Next, with respect to subsection (d), the employer argues that Mr. Sherven bears the risk for satisfactory completion in that, if he does not clean the laundromat, he does not get paid. However, the fact that Mr. Sherven only gets paid when he works does not distinguish him from any other employe and is clearly not what the statute contemplates. Rather, the question to consider is whether Mr. Sherven has any contractual obligation to satisfactorily complete a specific job and whether he could be held liable for a failure to do so. The record contains nothing to suggest that this is the case. To the contrary, the employer's witness testified that if Mr. Sherven failed to satisfactorily complete work on some occasion the employer would redo the work itself and, if it was not satisfied with Mr. Sherven's work in the long term, it would discharge and replace him, as it would any other employe.
The employer then argues that Mr. Sherven satisfies subsection (e) in that he receives compensation on a per-job basis and is paid $95 a week. However, the evidence indicates that Mr. Sherven is not paid on a per-job basis, but on a weekly basis for a set amount of work performed each day. While the employer also argues that if Mr. Sherven does not clean he does not get paid, as stated above, this fact does not distinguish Mr. Sherven from an ordinary employe, as very few employes get paid when they do not work.
The employer contends that Mr. Sherven also satisfies subsection (f), because if he cleans he profits and if he does not clean he does not profit. This argument fails. The evidence provides no reason to believe that Mr. Sherven has any profit potential with respect to his work for the employer, nor any risk of loss. Once again, the fact that Mr. Sherven sacrifices salary when he does not work is unavailing, as it does not set him apart from any other employe.
Finally, the employer maintains that Mr. Sherven meets the requirements of subsection (g) because he maintains tools of a maintenance business and incurs his own liability insurance costs. As stated above, the commission does not consider Mr. Sherven's snow blowers and lawn mowers to be a recurring business liability related to his work for the employer and is unconvinced that Mr. Sherven's liability insurance is an obligation necessary for the performance of his services for the employer.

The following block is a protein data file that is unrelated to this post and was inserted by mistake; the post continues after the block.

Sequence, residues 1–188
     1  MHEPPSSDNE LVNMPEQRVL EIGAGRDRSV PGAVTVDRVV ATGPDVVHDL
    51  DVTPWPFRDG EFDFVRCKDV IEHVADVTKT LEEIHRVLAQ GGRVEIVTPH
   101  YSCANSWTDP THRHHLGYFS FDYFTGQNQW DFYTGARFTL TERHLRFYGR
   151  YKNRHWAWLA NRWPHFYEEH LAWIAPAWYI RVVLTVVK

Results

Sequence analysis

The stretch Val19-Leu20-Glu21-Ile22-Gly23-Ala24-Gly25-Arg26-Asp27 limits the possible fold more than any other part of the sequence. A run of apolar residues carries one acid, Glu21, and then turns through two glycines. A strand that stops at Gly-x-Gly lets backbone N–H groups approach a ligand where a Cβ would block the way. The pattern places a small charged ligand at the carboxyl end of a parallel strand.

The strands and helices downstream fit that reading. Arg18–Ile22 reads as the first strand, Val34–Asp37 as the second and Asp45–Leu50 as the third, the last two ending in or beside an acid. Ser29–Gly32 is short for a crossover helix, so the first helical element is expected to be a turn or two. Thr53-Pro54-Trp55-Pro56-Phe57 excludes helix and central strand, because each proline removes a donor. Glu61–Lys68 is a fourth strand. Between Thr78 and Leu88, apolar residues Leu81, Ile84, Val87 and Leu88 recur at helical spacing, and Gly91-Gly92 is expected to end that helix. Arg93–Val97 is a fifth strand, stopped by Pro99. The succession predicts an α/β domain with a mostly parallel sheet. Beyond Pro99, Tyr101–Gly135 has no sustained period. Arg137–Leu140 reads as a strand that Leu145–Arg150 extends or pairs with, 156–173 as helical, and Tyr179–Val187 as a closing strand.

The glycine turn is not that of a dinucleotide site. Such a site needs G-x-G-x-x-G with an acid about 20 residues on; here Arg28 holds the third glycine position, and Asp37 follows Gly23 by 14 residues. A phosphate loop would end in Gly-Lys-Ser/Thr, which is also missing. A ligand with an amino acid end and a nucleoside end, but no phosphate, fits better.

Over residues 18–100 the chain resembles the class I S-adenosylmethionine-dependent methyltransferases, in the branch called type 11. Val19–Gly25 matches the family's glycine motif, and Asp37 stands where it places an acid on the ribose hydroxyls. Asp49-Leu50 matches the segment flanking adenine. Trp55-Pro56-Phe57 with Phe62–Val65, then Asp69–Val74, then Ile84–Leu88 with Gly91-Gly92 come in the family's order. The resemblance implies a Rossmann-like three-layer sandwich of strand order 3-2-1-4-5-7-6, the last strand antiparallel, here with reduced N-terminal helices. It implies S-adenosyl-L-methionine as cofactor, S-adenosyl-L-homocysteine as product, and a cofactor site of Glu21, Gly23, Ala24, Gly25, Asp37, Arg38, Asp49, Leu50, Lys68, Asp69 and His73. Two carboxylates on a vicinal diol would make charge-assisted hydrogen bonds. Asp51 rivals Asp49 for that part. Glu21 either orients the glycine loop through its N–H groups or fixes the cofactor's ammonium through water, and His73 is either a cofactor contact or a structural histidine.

The employer concludes by arguing that the appeal tribunal decision does not make sense, and that the appeal tribunal's attempt to split Mr. Sherven's maintenance business into fragments according to individual contracts is absurd. The employer asserts that the department ought not be able to contort individuals' rights to contract for services. The commission assumes that the employer is referring to the appeal tribunal's decision not to consider Mr. Sherven's snowplowing and lawn care equipment when deciding whether he maintains a separate business with his own office, equipment, materials, and other facilities, and in deciding whether he has recurring business liabilities or obligations. The commission does not consider the appeal tribunal's analysis unreasonable, given that Mr. Sherven does not maintain any office, equipment, materials or facilities related to his services for the employer and was not shown to incur ongoing business liabilities with respect to those services. Moreover, even if the commission were to agree with the employer's `unified business' theory and decide those factors in favor of the employer, this would not alter the outcome of the case since Mr. Sherven would nonetheless fail to meet the requisite six of eight enumerated factors. Finally, with respect to the employer's suggestion that the department should not be permitted to "contort" individuals' rights, the commission notes that the decision in this matter has no affect on the rights of an individual to contract for services. Rather, the decision relates only to the question of whether Mr. Sherven performed his services for the employer in the capacity of an employe such that the employer is subject to the provisions of the law based upon his services. Because the commission agrees with the appeal tribunal that he did, the appeal tribunal decision is affirmed.
NOTE: The appeal tribunal found that Mr. Sherven satisfied § 108.02(12)(b)(d) of the statute. The decision contains no explanation for this finding and, for the reasons set forth in this memorandum opinion, the commission sees no basis for such a conclusion. The commission has, therefore, modified the appeal tribunal decision in accordance with this opinion.
cc: ATTORNEY PETER W ZEEH
ATTORNEY DONA J MERG
MERG & ANDERSON SC